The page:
American advisor John Le Moyne didn't give the South Vietnamese Airborne unit much advice. He was there to call in air strikes, artillery, Medevacs and resupply. He marveled at the toughness and courage of the fighters who traced the unit's lineage back to the French Colonial Airborne.
Can I cut the mustard? Tom Agnew was apprehensive on the way to Vietnam and wondering if he was up to the task. He was assigned as a medic in a helicopter evacuation unit, known as Dustoff. On one of his first missions, he learned not to triage the wounded too quickly. (Caution: coarse language.)
Everyone breathing in a uniform was hurriedly mobilized by the 82nd Airborne as they scrambled to reply to Gen. Westmoreland's demand for more troops. On the flight over, while some of the planes were grounded by weather, Jim Littig saw an amazing test of wills in an Airborne versus Air Force standoff.
When someone at work made a comment that America had lost the Vietnam War, Roye Wilson was shocked. Our soldiers never lost a battle there. The politicians decided they would leave and they did. To him, it was an honorable enterprise and the only right course at the time and it is his belief that it contributed to the fall of Soviet communism.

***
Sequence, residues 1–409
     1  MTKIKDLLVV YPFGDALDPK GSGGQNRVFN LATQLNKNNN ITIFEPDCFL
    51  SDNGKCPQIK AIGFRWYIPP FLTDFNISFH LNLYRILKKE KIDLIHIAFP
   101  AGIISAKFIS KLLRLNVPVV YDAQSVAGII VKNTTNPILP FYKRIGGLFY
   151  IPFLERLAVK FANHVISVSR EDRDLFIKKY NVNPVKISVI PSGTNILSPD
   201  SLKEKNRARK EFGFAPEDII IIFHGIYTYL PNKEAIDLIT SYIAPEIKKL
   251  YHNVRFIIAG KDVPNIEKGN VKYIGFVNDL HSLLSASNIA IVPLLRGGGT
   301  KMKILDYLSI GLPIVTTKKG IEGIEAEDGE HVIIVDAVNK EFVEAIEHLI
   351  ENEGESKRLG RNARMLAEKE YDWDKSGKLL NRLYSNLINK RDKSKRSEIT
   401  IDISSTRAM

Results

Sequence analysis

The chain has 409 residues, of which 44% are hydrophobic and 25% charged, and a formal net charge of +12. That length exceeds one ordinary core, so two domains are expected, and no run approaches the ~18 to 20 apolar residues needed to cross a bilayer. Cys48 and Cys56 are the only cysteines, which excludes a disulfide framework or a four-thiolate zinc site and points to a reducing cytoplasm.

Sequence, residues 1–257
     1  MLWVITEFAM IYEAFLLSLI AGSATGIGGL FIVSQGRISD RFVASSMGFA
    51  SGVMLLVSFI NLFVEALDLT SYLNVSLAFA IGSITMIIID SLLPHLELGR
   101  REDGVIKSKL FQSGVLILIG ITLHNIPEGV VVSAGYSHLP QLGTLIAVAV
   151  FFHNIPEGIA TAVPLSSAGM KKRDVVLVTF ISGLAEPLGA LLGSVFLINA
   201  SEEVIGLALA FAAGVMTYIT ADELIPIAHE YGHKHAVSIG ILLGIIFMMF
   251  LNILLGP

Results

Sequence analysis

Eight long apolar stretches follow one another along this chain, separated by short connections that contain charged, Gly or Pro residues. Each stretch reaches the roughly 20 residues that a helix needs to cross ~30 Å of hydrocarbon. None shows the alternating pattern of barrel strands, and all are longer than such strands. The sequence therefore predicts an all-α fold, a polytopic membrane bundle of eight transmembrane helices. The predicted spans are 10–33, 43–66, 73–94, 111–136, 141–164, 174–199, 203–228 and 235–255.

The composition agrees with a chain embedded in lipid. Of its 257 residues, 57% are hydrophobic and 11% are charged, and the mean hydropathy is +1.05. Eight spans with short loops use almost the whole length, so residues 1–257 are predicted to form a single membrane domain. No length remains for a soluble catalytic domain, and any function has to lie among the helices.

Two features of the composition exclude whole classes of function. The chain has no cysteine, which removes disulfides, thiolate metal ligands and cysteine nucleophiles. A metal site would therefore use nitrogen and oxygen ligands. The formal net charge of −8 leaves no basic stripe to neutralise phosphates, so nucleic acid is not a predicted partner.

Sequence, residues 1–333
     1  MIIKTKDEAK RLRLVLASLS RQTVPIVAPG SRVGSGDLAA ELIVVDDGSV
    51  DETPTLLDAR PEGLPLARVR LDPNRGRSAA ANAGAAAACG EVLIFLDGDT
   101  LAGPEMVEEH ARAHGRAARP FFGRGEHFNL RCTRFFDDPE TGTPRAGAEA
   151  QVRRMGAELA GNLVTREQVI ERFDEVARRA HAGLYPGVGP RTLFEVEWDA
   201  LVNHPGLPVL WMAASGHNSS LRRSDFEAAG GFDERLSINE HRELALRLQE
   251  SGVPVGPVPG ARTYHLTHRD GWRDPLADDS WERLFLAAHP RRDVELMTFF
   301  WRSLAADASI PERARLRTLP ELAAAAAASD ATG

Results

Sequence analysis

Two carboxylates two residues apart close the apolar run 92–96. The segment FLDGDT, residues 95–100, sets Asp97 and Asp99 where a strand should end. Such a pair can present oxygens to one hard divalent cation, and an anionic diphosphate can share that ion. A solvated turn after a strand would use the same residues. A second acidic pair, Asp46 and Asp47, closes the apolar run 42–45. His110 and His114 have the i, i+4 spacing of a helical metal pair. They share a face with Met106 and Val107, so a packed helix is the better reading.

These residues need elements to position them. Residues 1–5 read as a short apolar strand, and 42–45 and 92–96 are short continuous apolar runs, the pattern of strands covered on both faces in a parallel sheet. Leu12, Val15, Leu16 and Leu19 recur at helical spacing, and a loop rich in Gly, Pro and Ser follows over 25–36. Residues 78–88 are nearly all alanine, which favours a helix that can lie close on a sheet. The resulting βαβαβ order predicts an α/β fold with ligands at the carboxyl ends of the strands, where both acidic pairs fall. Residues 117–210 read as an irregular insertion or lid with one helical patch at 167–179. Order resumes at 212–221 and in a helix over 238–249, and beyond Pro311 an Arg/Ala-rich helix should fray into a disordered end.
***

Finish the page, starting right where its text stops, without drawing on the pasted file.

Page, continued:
Following a harrowing first day of combat, Tom Buchan was surprised to find hot food flown in and cots to sleep on. He managed to finally get himself on a tank crew through sheer will and intelligence. It was the day he helped out one of the APC crews, though, that earned him recognition.
It could be tough getting resupplied in the field in Vietnam. Medic Marvin Cole nearly had a Chinook land on top of him in the fog. He and his medical platoon performed missions treating civilians in their villages and he relates a chilling story of a child used by the enemy to attack one of these operations.
The Air Force rescue crews flying the big helicopters known as the Jolly Green Giants began to get respect among the pilots of other services because they excelled at retrieving downed airmen. Pilot Dave Oliver was on one such mission, which was going badly, when the commander asked if was he willing to go in without waiting for backup. The situation was dire for the men on the ground so the answer was affirmative. He would be awarded the Silver Star for this action.